“He was a great athlete with wonderful fielding. His chief asset, at least I felt, was his fetching. He was a fine fielder of a ball and never relied on punching, he always caught it.
“Columba was a genius too to launch an attack. He didn’t play defensive football as was commonly understood and he always managed to get scores at vital periods.
“He never resorted to rough play and was always skilful and naturally fit throughout his life. We used to train only for finals at that time and he would always be supremely fit. He had a tremendous attitude overall.”
He would show as much the following month when he waved goodbye to his new bride Peggy, cutting short their honeymoon, to join up with the rest of the Cavan panel in Ballyjamesduff and hit the road for Rineanna.
McDyer signed for Cavan Slashers to legalise the move and despite not having an array of medals like some of the Breffni galacticos of the time, he immediately won their respect.
Mickey Walsh, a regular on the Cavan junior team and an oft-time senior panellist who wasn’t far off the ‘47 squad, remembers McDyer regularly being asked to referee matches in Cavan – his roots in far-off Donegal perhaps rendering him somewhat neutral.
Weeks before to the Polo Grounds, Walsh ended up making up the numbers in Butlersbridge in a challenge match between the home team and Cavan Slashers and having a run-in with Willie Doonan, his own Cavan Harps clubmate.
McDyer was the man in the middle. There had been a collection for Doonan around the local shops and businesses for his trip to New York and, later, the lads set out to watch the match in the Bridge and were roped in to play.
“It was an oul challenge thing,” remembers Mickey.
“Jaysus, Doonan hit me a kick in the back of the leg. Colm McDyer was refereeing the match ... I went for Doonan and I said ‘if I get you, I’ll bloody kill you’.
“McDyer says ‘you know that man is going to America?’ I says ‘well not if I can f**ckin’ help it!’
“So after the game we went up to Con Smith’s for a drink and Doonan felt so bad, he was trying to give me half the money. Oh, a big eegit!”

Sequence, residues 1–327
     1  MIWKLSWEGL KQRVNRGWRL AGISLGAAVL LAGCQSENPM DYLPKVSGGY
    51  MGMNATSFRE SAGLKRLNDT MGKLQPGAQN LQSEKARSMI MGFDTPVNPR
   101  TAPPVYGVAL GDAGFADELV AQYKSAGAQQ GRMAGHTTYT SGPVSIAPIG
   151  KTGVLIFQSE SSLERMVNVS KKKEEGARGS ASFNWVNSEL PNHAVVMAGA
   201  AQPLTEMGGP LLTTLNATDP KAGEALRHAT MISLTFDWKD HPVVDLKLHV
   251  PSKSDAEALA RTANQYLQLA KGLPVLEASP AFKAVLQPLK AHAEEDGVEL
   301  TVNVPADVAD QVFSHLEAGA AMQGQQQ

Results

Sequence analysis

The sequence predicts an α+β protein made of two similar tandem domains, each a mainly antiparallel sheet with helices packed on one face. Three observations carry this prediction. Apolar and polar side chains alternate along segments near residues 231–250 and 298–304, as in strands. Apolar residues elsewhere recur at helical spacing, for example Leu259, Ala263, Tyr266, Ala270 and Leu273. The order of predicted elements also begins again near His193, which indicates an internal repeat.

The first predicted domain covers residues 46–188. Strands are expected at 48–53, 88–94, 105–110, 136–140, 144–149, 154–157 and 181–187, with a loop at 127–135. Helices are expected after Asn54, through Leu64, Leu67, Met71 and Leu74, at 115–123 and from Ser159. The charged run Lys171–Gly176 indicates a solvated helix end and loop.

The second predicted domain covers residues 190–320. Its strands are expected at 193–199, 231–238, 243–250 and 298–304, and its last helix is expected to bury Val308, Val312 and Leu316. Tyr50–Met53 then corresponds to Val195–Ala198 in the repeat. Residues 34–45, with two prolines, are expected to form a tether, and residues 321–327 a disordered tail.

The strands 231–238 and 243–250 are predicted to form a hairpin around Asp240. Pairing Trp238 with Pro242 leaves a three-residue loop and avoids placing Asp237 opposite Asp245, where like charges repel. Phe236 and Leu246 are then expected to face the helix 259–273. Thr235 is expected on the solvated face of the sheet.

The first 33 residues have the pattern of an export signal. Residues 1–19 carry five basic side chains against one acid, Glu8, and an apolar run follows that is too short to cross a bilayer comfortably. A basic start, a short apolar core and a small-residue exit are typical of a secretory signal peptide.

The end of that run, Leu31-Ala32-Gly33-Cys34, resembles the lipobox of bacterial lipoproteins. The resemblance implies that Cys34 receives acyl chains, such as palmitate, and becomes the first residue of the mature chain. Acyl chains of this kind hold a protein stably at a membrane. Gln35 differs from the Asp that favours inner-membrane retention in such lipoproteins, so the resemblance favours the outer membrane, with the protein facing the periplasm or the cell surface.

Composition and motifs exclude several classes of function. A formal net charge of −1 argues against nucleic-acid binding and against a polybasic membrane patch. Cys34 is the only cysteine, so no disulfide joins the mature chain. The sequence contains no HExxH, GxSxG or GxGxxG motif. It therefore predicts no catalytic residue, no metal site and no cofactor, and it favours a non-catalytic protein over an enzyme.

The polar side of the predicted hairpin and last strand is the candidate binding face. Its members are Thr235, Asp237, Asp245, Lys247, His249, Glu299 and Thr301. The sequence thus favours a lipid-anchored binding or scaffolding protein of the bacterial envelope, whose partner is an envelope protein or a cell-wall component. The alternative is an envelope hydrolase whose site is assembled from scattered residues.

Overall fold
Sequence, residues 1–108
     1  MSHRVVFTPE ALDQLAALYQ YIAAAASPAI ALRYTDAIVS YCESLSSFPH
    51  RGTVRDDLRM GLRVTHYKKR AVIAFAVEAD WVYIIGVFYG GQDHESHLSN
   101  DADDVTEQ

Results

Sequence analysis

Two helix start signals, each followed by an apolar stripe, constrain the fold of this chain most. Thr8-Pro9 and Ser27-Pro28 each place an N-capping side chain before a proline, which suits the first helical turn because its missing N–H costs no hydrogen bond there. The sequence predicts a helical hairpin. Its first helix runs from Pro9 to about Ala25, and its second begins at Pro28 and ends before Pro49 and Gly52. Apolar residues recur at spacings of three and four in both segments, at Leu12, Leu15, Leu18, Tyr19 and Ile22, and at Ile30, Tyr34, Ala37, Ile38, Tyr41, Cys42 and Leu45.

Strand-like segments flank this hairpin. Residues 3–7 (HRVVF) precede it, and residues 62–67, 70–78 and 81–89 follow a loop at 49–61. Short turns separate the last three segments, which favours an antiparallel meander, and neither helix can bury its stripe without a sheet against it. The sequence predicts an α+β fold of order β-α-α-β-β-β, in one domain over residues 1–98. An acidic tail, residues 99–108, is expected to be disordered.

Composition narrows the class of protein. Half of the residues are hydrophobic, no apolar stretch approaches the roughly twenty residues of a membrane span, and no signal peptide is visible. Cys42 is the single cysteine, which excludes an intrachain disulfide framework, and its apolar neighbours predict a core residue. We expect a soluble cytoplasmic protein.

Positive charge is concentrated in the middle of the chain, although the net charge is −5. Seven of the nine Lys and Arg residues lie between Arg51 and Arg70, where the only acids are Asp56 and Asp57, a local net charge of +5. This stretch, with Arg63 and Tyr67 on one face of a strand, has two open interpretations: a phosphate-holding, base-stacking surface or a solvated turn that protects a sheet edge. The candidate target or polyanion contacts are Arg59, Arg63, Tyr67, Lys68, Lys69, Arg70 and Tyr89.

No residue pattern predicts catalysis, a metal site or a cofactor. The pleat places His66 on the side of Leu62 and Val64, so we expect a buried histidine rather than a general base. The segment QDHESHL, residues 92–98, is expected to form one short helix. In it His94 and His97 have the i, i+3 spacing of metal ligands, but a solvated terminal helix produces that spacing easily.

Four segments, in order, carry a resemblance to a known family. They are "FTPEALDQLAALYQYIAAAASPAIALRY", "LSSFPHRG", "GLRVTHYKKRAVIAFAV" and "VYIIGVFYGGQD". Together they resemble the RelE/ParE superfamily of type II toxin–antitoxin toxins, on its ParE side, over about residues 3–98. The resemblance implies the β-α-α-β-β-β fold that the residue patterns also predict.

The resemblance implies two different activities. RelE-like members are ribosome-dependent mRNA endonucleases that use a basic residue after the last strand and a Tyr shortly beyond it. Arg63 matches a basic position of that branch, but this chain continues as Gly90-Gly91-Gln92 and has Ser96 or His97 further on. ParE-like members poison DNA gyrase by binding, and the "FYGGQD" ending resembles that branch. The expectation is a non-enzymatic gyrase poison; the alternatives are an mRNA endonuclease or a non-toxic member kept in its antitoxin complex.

That was Doonan – a different man to his team-mates, but still a team-mate. And that was McDyer – helping out and playing his part in one of the greatest footballing journeys of all time.
He played just one year but was the greatest transfer Cavan ever had. And, almost seven decades later, his legacy touched on another momentous All-Ireland success. When another Glenties man, Jim McGuinness, took the Donegal team through their warm-up before the All-Ireland final against Mayo, in his hand was a whistle, in the Cavan and Naomh Conaill colours, given to him 20 years beforehand by McDyer.
“Me and Columba would have been fairly close,” McGuinness remembered before that final.
“He was an absolute gentleman to the fingertips, very well-educated. He went on his travels when he was young, played with Cavan and then Sligo before returning to Donegal, playing first and then managing the team. He came down to the field one night with his wife Peggy. I was out with the young fellas when he called me aside. He handed over a whistle, a blue and white whistle and said: ‘I think you are going to be a coach. I want you to have this whistle’.
“Jesus, that’s at least 21 years ago but I have never lost that whistle. Oil has been spilled on it. The pea is probably gone in it, and the boys slag me about it. But there would be panic in the dressing room if I mislaid it. It actually happened one day. All the boys could hear was, ‘where’s the whistle? Where’s the whistle?’ Now they know the full significance of it.”
All of that, though, was well in the future. On the morning of August 3 1947, McDyer and his team-mates, in a convoy of cars, were headed for the Big Smoke with just one thing in mind – evening the score with Roscommon and booking their seats for the greatest trip of all.
Paul Fitzpatrick’s book ‘The Fairytale in New Yotk’ is available for purchase in Eason’s and online. For more information, please email email@example.com.